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Alumni Success

"Working Passionately" Argosy University Graduate Works to Make a Difference

People respond to traumatic experiences in different ways. Some may laugh, some may cry, some may even lash out violently. Whatever the case may be, healing from a traumatic experience takes time and for some it also takes professional help. Dr. Amy Anderson experienced her first traumatic experience while in college. After having a difficult time dealing with the death of her college roommate who passed away from cancer, she knew that she had to further explore what caused her feelings of uneasiness. "I had to face my fear, and it turns out that it turned into a passion for me," explains Anderson.

Since earning her undergraduate degree in psychology, Anderson decided to deepen her knowledge in the field by entering the Doctorate of Psychology program at Argosy University/Dallas. "I was amazed at how passionate the professors were about what they were teaching," says Anderson. "The faculty at Argosy University/Dallas were also incredibly supportive. I couldn't have made it without them," Anderson continues.

Anderson graduated with the honor of becoming one of the first of three students to complete the Doctorate of Psychology program at Argosy University/Dallas. She is currently completing her post doctorate work with the Pennsylvanian Counseling Services where she is part of an alternative program that aids offenders. "It is unbelievable how much the coursework I took at Argosy University/Dallas has prepared me," expresses Anderson.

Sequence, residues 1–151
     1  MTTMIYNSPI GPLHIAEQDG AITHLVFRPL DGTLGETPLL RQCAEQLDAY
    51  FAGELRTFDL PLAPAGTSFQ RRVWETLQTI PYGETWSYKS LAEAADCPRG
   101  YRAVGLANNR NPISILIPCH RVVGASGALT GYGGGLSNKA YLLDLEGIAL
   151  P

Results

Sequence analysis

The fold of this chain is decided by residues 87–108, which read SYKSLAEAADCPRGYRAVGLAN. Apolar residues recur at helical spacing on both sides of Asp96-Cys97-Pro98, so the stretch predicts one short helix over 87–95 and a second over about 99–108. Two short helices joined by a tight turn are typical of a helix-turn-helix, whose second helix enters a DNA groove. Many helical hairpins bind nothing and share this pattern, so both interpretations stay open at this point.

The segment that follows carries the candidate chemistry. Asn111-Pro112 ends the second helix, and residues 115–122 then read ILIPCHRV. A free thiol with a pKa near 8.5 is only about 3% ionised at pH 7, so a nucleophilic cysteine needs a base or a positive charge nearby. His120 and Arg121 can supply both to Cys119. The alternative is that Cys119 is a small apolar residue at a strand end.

A true love for people is what Anderson possesses. "I am so passionate about what I do and actually making a difference, and that is what keeps me going," comments Anderson. "I find that working with other people helps to make me a better person."

Anderson believes that working with offenders and their families is a very rewarding experience. "Often times an offender has undergone some form of trauma while they were younger. It is a great achievement to help them address their past and help reintroduce them into society as a better person," Anderson explains.

Anderson's love for what she does is undeniable. "I was told in high school to just stick to community college, but my passion for people and children proved that I was destined for so much more," she states. Anderson encourages other Argosy University/Dallas students to move passionately toward their dreams. In the future Anderson hopes to open up a child trauma center.

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